Welcome to Irish Photo Archive where Irish historical images and documents have been made available for you to purchase online.

We sell historical, archived images from every day Irish life as well as significant events in the country’s history.

From an archive of over 3.5 million images you can see the many significant characters that visited Ireland over the years. Have a look and enjoy!

Friday, 3 July 2015

Fire at Power’s Distillery

In 1961, a large fire broke out in the Powers Distillery on John’s Lane in Dublin. Fortunately, the fire occurred when the distillery was not in use, but it did destroy a storage warehouse containing about 4,000 casks of maturing whiskey. The fire drew a crowd of onlookers, some of whom were delighted to find the whiskey flowing through the streets. Perhaps it was mixed with the water from the firehoses, and had a great smoky flavour as well!

Happy onlookers at the Power's distillery fire
5 July 1961
The Powers Distillery had been almost completely destroyed by fire in 1859, and as a result, the company installed several fire safety features, including its own fire brigade. This brigade, as well as the fire brigade from Guinness, was requisitioned by the Dublin service during the 1916 Rising, when O’Connell Street and other parts of the city centre were engulfed in flames.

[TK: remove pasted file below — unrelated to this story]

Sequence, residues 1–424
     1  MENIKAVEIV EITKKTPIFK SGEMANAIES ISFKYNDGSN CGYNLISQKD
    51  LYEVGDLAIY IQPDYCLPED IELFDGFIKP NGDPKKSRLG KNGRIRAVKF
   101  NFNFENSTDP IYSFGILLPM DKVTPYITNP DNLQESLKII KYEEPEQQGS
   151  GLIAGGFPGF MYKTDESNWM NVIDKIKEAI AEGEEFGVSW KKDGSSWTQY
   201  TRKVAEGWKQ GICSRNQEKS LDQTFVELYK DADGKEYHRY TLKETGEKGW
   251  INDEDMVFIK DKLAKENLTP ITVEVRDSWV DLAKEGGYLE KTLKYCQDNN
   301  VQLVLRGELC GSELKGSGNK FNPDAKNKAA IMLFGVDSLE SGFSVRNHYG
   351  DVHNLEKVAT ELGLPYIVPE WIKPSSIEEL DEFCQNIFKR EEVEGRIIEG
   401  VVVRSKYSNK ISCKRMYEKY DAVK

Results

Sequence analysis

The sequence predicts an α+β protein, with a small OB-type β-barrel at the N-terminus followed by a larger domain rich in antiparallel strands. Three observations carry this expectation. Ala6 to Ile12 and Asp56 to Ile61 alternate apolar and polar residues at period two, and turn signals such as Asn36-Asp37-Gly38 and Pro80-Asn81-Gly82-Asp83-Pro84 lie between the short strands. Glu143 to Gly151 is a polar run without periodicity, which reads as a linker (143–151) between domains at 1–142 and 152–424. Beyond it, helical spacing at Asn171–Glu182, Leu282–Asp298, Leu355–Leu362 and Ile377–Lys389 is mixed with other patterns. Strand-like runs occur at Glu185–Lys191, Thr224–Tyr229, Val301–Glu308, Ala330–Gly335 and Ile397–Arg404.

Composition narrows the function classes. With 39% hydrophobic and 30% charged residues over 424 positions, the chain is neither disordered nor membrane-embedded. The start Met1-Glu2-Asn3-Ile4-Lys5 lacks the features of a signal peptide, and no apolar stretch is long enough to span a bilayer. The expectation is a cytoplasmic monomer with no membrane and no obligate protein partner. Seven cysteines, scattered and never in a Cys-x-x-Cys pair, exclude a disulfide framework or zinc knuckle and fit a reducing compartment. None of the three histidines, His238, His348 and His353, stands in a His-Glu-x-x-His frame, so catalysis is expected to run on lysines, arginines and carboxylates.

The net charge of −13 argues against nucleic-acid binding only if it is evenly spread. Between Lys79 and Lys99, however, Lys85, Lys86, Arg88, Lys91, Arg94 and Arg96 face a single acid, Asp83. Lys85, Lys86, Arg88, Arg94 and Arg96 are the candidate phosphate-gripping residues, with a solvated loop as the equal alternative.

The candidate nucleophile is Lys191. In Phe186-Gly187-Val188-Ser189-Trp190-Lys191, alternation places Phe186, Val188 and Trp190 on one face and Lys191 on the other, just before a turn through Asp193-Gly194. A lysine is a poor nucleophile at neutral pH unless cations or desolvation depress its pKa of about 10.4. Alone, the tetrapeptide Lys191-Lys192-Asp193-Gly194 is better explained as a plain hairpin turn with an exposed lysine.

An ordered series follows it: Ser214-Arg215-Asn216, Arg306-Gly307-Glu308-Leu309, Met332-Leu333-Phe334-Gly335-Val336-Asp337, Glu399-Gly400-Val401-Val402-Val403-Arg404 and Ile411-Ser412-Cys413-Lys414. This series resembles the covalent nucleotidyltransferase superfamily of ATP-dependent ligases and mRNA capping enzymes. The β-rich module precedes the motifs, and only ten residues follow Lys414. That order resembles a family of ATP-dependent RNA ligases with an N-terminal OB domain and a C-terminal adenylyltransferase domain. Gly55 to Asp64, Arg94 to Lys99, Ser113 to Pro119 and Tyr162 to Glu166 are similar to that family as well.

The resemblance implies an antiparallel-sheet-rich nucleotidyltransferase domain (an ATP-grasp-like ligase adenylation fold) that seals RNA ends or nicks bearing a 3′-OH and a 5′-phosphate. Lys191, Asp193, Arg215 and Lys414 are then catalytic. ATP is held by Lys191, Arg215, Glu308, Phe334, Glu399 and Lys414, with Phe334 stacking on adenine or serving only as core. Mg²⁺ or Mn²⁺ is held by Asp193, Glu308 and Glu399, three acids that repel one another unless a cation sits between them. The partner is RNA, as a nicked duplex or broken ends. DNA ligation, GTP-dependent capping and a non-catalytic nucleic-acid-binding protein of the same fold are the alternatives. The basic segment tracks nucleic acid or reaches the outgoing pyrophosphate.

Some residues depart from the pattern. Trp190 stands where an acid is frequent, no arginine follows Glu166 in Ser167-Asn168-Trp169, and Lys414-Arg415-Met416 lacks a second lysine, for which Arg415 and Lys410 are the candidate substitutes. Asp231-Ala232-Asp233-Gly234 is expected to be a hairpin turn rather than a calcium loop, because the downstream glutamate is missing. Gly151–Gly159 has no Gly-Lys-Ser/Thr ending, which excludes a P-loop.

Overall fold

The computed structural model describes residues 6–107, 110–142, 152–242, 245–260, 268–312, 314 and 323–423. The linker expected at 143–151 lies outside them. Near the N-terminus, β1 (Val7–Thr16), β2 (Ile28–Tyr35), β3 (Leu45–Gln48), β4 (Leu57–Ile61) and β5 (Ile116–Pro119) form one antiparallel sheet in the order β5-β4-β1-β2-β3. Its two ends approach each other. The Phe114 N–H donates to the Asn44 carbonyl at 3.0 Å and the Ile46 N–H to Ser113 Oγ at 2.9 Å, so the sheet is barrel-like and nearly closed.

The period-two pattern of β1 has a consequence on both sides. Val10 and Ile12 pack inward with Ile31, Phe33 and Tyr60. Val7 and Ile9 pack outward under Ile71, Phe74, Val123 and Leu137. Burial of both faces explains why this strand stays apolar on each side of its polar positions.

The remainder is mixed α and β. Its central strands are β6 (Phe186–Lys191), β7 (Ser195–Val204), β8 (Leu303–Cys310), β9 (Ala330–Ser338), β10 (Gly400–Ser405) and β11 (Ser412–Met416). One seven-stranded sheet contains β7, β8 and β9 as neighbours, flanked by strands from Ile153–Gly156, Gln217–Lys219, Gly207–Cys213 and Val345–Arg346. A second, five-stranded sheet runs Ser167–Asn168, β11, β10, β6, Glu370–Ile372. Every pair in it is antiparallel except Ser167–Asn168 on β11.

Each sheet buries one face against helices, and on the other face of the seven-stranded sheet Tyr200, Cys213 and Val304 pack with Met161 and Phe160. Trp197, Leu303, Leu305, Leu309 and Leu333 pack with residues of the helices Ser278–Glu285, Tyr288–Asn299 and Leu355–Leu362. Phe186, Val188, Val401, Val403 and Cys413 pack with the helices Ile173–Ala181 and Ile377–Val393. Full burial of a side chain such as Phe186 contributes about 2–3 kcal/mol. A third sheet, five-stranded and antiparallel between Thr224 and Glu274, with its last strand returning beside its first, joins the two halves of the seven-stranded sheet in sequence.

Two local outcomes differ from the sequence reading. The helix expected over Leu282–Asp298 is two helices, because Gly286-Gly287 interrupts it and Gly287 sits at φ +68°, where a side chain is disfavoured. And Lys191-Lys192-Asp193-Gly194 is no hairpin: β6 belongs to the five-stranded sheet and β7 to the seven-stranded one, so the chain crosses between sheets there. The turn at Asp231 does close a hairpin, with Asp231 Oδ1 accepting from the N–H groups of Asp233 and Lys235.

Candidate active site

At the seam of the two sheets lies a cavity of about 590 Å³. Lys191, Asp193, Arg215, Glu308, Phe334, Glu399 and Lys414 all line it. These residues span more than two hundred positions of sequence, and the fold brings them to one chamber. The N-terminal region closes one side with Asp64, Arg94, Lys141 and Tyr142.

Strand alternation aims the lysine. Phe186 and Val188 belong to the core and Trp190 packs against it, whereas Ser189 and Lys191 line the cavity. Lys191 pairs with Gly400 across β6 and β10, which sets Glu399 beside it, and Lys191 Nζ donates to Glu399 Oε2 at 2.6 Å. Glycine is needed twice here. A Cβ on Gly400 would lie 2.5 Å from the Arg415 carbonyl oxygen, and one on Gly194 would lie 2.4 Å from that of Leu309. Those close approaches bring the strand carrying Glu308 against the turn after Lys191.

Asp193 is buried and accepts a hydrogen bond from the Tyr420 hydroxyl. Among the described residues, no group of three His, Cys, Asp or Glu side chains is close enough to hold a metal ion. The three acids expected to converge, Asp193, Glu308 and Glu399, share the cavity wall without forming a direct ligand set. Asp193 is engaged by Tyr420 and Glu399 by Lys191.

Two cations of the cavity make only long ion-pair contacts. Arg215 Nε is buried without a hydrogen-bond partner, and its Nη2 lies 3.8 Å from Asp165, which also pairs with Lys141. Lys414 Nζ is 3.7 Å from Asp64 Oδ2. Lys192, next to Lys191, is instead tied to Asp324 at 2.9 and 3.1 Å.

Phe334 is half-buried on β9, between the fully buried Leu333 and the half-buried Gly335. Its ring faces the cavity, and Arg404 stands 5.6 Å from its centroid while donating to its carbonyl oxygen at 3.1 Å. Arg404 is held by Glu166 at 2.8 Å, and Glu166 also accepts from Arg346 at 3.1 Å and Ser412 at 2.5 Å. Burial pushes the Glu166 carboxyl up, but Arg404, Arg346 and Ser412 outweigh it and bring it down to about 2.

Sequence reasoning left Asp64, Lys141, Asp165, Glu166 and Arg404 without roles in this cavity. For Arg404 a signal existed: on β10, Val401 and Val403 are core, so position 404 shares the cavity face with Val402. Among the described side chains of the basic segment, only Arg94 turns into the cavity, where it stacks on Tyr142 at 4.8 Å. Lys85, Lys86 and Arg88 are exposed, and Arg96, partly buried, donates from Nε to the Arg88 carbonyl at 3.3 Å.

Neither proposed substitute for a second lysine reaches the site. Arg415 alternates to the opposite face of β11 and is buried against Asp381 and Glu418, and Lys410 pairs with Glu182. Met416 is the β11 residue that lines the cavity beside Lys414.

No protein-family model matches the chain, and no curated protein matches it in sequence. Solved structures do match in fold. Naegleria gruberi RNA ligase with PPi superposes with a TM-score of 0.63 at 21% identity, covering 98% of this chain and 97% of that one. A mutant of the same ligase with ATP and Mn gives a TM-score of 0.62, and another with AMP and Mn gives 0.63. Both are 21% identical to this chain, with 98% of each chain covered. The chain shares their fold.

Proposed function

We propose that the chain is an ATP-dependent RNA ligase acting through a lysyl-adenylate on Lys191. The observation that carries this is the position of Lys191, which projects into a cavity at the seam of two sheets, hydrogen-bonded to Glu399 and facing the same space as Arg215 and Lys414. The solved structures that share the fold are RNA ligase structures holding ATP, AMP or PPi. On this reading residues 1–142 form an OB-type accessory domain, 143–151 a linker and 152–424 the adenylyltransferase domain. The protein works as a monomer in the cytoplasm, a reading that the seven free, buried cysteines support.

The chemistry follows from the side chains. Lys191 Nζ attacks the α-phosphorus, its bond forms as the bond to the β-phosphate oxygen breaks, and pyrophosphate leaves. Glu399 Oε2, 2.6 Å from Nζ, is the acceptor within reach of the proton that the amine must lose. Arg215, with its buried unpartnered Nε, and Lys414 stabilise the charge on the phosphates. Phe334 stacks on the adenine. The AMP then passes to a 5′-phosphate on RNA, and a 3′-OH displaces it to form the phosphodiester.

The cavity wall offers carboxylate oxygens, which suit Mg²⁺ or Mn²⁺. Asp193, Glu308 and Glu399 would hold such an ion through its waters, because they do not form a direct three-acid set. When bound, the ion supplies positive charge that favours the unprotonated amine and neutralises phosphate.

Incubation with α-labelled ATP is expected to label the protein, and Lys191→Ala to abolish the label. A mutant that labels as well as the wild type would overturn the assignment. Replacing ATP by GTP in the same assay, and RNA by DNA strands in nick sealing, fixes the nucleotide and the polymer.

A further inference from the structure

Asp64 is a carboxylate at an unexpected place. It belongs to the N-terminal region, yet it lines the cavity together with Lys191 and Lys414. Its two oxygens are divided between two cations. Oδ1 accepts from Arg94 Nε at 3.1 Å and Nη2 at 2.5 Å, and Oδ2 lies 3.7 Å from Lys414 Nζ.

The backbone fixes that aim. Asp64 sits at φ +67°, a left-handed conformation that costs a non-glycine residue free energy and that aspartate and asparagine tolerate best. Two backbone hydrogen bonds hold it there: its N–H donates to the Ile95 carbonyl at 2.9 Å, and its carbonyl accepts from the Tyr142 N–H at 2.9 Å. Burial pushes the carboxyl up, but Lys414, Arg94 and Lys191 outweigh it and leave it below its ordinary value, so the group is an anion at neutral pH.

Powers distillery on fire
5 July 1961
After the 1859 fire, Powers rebuilt their distillery, taking advantage of the destruction to create a state-of-the-art facility; one that was much admired by all in the industry and as a beautiful piece of architecture also. However, when Power’s joined up with Jameson’s and the Cork Distilleries to form the Irish Distillers Group, it was decided to move all whiskey distilling to a purpose-built site in Midleton in Cork. After 1976, no whiskey was distilled again in Dublin until this year, when the Teeling Distillery opened in Newmarket Square (with a beautiful café open to the public as well).

Tasting the blends
8 December 1965

Despite leaving their Dublin headquarters, Powers remained one of the leading whiskey brands in the country, well-known for sponsoring sports events such as the Irish Grand National. The National College of Art and Design took over the former site of the distillery, and voluntarily maintained some aspects of the original architecture.  The college is not officially open to the public, but if people ask politely at reception, the friendly staff have been known to show what is left of the distillery. A preservation order has now officially been placed on the remaining shell of the distillery, ensuring that the beautiful architecture will continue to last for prosperity.

Powers vans at Johns Lane
25 August 1965